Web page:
Vodafone and tax protests

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One of Vodafone’s stores in Central London has been occupied by protestors angry that Vodafone enjoyed a tax settlement signed in July just before George Osborne’s endorsement of Vodafone in India, and which appeared to waive at least £1 billion of tax owing by the company (according to its own estimate) and as much as £4.8 billion in the usually reliable estimate of Private Eye.

I have written about this story, here, and in the Guardian. And in a sense there is nothing to say to what I said then:

I do have sorry news for those who want Vodafone to pay up: if HMRC have really settled the case then the matter is done and dusted, and the opportunity to charge will have gone.

No protest will change that. But I also added:

This does not change the fact that this affair leaves a sour taste in the mouth, not least because days after it was announced, George Osborne was promoting Vodafone in India — a visit that must have been agreed before the tax announcement was made on 23 July. Of course, the coincidental timing may just be fortuitous and no one is suggesting Vodafone has done anything wrong, but the impression given is that HMRC rushed a deal through before the Indian visit.

These timings do look odd, in the extreme. And I have no doubt at all No 11 was behind them. And a “sour taste” is the least they leave behind.

Clearly it’s done more for some. I have no idea who: I have no idea who organised this protest or who is on it. But it does raise serious issues.

First note Sky News’ report that:

An article in the Private Eye estimated the taxpayers' bill for the CFC liabilities and other arrangements "was likely to be at least £6bn" in lost tax.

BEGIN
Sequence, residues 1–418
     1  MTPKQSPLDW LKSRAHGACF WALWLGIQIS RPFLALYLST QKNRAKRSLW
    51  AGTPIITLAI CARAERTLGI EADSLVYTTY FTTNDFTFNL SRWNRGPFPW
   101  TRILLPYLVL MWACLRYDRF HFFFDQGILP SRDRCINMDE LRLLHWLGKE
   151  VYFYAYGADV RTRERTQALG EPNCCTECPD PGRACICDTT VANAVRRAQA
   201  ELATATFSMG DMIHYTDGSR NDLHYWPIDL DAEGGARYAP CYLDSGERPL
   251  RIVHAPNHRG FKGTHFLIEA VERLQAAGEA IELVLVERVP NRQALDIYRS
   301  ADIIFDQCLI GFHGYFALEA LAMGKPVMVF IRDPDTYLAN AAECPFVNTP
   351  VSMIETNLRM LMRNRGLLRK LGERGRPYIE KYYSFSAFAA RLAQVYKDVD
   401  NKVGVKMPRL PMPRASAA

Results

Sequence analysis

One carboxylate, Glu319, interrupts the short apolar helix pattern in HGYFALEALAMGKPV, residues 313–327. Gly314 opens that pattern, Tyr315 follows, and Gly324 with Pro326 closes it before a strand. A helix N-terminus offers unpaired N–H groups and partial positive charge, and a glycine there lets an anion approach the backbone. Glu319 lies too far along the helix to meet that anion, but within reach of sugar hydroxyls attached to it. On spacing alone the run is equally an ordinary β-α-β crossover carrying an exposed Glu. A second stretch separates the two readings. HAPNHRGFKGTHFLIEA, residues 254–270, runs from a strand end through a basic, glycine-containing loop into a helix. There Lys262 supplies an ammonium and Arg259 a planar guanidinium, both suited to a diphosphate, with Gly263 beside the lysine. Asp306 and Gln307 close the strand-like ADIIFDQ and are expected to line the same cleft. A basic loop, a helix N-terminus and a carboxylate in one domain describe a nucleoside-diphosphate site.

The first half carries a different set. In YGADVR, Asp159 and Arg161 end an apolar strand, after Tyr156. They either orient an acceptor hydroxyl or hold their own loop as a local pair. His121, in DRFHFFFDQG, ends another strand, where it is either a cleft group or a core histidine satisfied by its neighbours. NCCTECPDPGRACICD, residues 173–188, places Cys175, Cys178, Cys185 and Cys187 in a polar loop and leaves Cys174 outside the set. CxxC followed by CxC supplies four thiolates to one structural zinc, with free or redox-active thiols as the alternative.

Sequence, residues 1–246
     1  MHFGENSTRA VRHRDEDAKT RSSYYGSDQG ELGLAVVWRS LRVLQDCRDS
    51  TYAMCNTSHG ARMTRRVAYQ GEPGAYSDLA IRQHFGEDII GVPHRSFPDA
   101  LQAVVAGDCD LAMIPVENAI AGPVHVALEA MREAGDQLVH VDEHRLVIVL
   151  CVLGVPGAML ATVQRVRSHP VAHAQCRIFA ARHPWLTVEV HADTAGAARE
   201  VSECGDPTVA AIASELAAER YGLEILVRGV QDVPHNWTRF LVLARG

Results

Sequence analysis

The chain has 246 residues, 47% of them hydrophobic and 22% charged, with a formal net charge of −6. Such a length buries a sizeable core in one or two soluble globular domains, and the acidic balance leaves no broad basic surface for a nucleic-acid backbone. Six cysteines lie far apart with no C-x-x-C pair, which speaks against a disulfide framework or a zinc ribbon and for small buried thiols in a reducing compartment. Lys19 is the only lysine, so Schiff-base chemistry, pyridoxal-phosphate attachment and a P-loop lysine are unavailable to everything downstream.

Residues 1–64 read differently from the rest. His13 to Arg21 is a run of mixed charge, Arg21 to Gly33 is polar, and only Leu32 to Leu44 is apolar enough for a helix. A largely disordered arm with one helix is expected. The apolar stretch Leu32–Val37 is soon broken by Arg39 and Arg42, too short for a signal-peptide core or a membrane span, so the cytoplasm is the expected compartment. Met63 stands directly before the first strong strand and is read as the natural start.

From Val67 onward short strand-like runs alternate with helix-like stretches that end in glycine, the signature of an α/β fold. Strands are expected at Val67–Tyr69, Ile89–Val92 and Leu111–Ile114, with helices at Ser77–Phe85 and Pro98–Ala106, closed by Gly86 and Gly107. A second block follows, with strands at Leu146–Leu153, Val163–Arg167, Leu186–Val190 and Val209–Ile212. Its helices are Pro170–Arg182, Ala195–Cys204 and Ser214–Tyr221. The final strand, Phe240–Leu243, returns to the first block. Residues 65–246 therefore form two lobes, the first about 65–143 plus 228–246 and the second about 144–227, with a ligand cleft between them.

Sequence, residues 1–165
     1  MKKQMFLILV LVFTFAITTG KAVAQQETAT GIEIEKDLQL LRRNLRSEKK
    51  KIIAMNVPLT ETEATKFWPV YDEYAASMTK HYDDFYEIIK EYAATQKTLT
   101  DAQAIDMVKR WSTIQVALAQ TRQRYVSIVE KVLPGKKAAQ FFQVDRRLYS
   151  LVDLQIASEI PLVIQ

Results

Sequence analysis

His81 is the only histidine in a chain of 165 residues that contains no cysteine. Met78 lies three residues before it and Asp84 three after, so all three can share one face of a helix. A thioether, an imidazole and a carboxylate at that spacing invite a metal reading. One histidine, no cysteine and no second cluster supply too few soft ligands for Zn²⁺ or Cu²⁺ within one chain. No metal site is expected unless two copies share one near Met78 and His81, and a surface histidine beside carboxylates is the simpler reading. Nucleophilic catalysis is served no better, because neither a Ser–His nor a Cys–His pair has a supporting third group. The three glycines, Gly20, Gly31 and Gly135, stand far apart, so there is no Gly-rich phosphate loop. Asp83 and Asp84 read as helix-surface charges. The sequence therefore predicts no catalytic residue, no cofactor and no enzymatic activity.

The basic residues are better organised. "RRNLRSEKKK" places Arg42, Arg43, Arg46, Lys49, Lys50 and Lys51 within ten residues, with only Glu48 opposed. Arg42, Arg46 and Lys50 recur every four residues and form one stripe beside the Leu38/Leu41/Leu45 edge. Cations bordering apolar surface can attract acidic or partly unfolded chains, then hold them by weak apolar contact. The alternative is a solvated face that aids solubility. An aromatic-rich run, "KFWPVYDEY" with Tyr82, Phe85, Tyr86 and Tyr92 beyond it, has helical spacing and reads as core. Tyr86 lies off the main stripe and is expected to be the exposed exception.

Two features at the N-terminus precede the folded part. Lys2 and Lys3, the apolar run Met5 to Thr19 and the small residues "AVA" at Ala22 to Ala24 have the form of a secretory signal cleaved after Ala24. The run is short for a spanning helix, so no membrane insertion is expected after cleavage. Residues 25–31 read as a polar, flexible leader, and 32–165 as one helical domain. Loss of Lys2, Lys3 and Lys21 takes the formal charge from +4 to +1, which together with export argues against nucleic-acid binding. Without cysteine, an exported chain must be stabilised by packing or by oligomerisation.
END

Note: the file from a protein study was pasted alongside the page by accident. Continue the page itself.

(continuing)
According to the magazine, a former official familiar with the case described it as an "unbelievable cave-in" by HMRC.

However, HMRC said this claim was untrue, adding: "We cannot comment on the detail of the settlement but we can confirm that it was reached by HMRC following a rigorous examination of the facts and an intensive process of negotiation that tested the arguments of both parties.

"As a result it was agreed that Vodafone’s liability was £1.25bn and at no point was a liability greater than that established.

"There is no question of Vodafone having an outstanding tax liability of £6bn. That number is an urban myth."

With the very greatest of respect to HMRC might I suggest they stop digging? It’s the best advice to someone in a hole. Vodafone expected a bigger liability in this case for good reason, and that was that the UK had a good case. That HMRC caved in is, as I think the Private Eye commentator (who I know well — I sent Sky their way)said a matter that is beyond dispute.

There is clear, unambiguous and certain bias of treatment in my opinion in this case. The ConDems wanted to send out a message to business. To woo one in particular. That’s not to blame Vodafone of anything. It is to accuse No 11 of political manipulation of a tax dispute to suit its purpose evidenced in India days later.

Are people right to protest? So long as they do so peaceably and without causing damage then my answer is yes, that is their right. This is a democracy. The right of peaceful protest is fundamental to democracy. Vodafone can claim to be innocent victim here — but it set out to tax avoid and all claims to the contrary by it would be unsustainable. They say it is their intention to do so. And they must be aware of the social consequences of that — which are dramatic.

I therefore support protest on the conditions I note.

And I hope there will be more protests on many issues. When the ConDems are seeking to tear the heart out of our society; when they are planning to impose on many a cost to benefit a few whom already enjoy all the privileges society can offer, and when people will suffer and even die as a result then I think peaceful protest is not just our right, but our duty.

And I stress — that’s because any democracy should afford us that right and encourage its exercise. And any government faced with such protest should not spread deliberate misinformation in the face of it — as H M Revenue & Customs appears to be doing in this case.